Monday, September 18, 2006

The Open Door by Evanescence

It's been three and a half years since the award-winning band Evanescence released their multi-platinum major-label debut album Fallen (the live album Anywhere But Home notwithstanding).  The wait has been long thanks to a change in management, the departure of some members of the band, and the guitarist's stroke last year, but the band emerges from the rough times with their sophomore album The Open Door in stores October 3rd.  So, how does the new album hold up?

First let's take a quick look back at FallenBring Me to Life and My Immortal received a significant amount of publicity thanks to the big-screen adaptation of Daredevil.  Other tracks from the album such as Going Under found their way to virtually every radio station across the country.  The album managed to hit that sweet spot of sound that appealed to so many consumers with its delicate balance between hard rocking guitar and dramatic emotional piano, all backed by the amazing sound of Amy Lee's voice.  It was intricate and dark.

The Open Door certainly takes many of these winning elements and makes a solid effort, but I was a tad bit disappointed on the first trip through.  Whereas the first album was complex, balancing a few select ethereal melodies on the piano with a driving--almost industrial--gothic sound of the guitar work, this new album seems simpler and more down to earth with a few too many slower spots.  The overall feel of the album lacks the otherworldly beauty of Fallen, but after getting over the initial shock of the new material, its subtle beauty emerges.

The first cut from the album is the second track, Call Me When You're Sober.  This is probably one of the tracks that is most like their previous album and is a great segue to the new material.  Sweet Sacrifice, Weight of the World, and Cloud Nine help open up the album in a similar fashion and will all probably end up as overplayed radio tracks.  My personal favorite, despite its too-short length of less than four minutes, is the fourth track entitled Lithium, which hearkens back to the eerie and emotional style of My Immortal and the sound reminds me a lot of European goth metal bands such as Flowing TearsSnow White Queen has an odd distortion effect on the guitars through the verses that may take a few listens to really appreciate.  The Only One, Your Star, and All That I'm Living For are some of the better tracks that help close out the second half of the album.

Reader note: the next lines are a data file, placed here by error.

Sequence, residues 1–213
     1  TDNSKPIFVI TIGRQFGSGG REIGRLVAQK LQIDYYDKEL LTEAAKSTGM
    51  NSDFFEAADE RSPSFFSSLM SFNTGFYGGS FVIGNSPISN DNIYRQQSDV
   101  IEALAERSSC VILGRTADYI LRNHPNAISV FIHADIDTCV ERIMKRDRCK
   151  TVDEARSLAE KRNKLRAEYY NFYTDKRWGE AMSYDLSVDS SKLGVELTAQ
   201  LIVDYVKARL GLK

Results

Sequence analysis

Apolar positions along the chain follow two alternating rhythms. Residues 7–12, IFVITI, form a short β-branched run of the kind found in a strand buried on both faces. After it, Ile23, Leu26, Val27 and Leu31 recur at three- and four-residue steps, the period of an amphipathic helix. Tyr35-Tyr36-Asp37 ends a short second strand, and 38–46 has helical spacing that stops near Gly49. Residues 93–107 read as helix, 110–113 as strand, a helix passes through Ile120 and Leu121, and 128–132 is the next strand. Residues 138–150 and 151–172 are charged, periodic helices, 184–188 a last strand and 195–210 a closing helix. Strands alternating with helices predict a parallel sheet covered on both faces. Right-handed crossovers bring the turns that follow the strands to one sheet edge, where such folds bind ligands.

I think that I went into the album with my hopes set way too high.  The first few listens, nothing except Lithium really jumped out at me, unlike the first album.  It took a few complete passes through the entire set to fully appreciate this album.  The official band website proclaims that this album "is a logical (but certainly not predictable) transformation of epic proportions for the band".  I'm not sure if I would agree on the "epic" part, but the album is definitely evolved, though subtly, from the first one and well worth picking up.  Give it some time, pull back the darker veil that may have Fallen upon your ears, and you too will see the new beauty behind The Open Door.

Rating: 4.5


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